On November 29, 2010, the U.S. Supreme Court granted Microsoft’s petition for writ of certiorari challenging the Federal Circuit’s requirement that the invalidity defense provided in the Patent Act, 35 U.S.C. § 28, must be proven by clear and convincing evidence. i4i Ltd. P’ship v. Microsoft Corp., 598 F.3d 831 (Fed. Cir. 2010), cert. granted, 79 U.S.L.W. 3128 (U.S. Nov. 29, 2010) (No. 10-290). In light of the substantial $290 million judgment against Microsoft, which was confirmed earlier this year by the Federal Circuit, commentary about the case has focused almost exclusively on the damages holding, but Microsoft’s appeal relates to whether the Federal Circuit “erred in holding that [its] invalidity defense must be proved by clear and convincing evidence.” Petition for Writ of Certiorari, Microsoft Corp. v. i4i Ltd. P’ship, No. 10-290 (U.S. Aug. 27, 2010), 2010 WL 3413088.For a discussion of the background of the case and the Federal Circuit’s decision, see http://www.kilpatrickstockton.com/en/Knowledge_Center/Alerts_and_Podcasts/Legal_Alerts/2010/04/240_Million_Patent_Damages_Award_Affirmed.aspx.
Microsoft’s question challenges more than 25 years of Federal Circuit precedent. Pet. 2; Brief in Opposition at 5, 13-17 (U.S. Oct. 28, 2010). In the early 1980s, the Federal Circuit established the clear and convincing standard for challenges to patent validity based on its interpretation of the statutory presumption of validity for issued patents, at 35 U.S.C. § 282, and has since required such a showing regardless of the factual basis for the invalidity defense. See, e.g., Am. Hoist & Derrick Co. v. Sowa & Sons, Inc., 725 F.2d 1350, 1359 (Fed. Cir. 1984); Uniroyal, Inc. v. Rudkin-Wiley Corp., 837 F.2d 1044, 1050 (Fed. Cir. 1988); Environ Prods., Inc. v. Furon Co., 215 F.3d 1261, 1265 (Fed. Cir. 2000). Microsoft relying, in part, on dicta from KSR International Co. v. Teleflex Inc., 550 U.S. 398 (2007), in which the Supreme Court questioned the basis for the clear and convincing standard asserts that the standard should not always be so high, particularly because “‘the rationale underlying the presumption [of validity] - that the PTO, in its expertise, has approved the claim - seems much diminished’ where an invalidity defense rests on evidence that the PTO never had an opportunity to consider.” Pet. 2 (quoting KSR, 550 U.S. at 426).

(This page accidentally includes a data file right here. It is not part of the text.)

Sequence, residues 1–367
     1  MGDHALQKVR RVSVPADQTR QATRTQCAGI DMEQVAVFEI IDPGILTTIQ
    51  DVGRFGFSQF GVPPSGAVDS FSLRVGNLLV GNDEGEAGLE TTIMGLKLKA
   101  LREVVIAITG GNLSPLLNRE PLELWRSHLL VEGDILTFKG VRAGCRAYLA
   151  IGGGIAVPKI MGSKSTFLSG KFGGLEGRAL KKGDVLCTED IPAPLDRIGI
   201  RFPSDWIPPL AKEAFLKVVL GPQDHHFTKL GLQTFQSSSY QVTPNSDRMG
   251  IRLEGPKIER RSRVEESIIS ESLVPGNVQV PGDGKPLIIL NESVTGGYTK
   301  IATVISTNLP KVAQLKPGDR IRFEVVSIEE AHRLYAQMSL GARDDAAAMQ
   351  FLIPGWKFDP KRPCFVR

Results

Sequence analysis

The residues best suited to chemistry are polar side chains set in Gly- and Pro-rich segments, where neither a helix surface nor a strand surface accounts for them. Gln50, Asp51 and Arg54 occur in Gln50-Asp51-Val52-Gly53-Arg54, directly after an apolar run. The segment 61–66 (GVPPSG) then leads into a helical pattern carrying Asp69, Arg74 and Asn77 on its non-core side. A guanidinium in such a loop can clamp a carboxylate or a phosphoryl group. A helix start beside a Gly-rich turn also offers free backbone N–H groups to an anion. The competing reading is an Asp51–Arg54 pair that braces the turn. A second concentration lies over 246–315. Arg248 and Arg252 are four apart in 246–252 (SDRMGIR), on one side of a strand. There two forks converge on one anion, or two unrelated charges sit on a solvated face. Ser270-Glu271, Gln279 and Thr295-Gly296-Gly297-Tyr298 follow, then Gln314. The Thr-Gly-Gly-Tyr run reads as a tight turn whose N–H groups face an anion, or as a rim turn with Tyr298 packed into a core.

Eleven amicus briefs—filed by leading companies including Apple, Cisco, Google, Wal-Mart, and Yahoo!; industry and interest groups, including the financial services industry, wireless technology industry, and the open-source community; a group of law professors; and generic pharmaceutical companies—supported Microsoft’s petition, echoing many of Microsoft’s statutory and legal arguments and adding additional arguments against the clear and convincing evidence standard, particularly when the invalidity defense is based on prior art not seen by the PTO. See Briefs of: Acushnet Co., et al.; Apple Inc.; CTIA – the Wireless Assoc.; Elec. Frontier Found., et al.; Facebook, Inc., et al.; Google, Inc., et al.; Intel Corp.; Sec. Indus. & Fin. Mkt. Ass’n, et al.; Teva Pharm. USA, Inc., et al.; Thirty-Six Professors; and Yahoo!, Inc. as Amici Curiae Supporting Petitioner, No. 10-290 (U.S. Sept. 29, 2010), all available at: http://www.scotusblog.com/case-files/cases/microsoft-v-i4i-limited-partnership.
In opposition, i4i countered that this heightened proof requirement correctly interprets the statute and therefore, this standard should only be changed by Congress. Resp. to Pet., at 17. I4i also argued that a reduced presumption of validity, requiring proof of invalidity by a mere preponderance of evidence, is available through the administrative challenge process (reexamination) before the PTOId., at 19.
Because the invalidity defense is raised routinely in patent litigation, the impact of the Court’s decision in this case has the potential to be far-reaching. In the event that the U.S. Supreme Court rules to reject the clear and convincing evidentiary standard as Microsoft and the amici argue, the greatest impact may be for defendants arguing invalidity in cases brought by non-practicing entities whose business model is primarily the licensing of their patent portfolios because lowered proof requirement could increase the chances that defendants in such cases would succeed on summary judgment.
Due to the importance of this issue, we will monitor the case closely.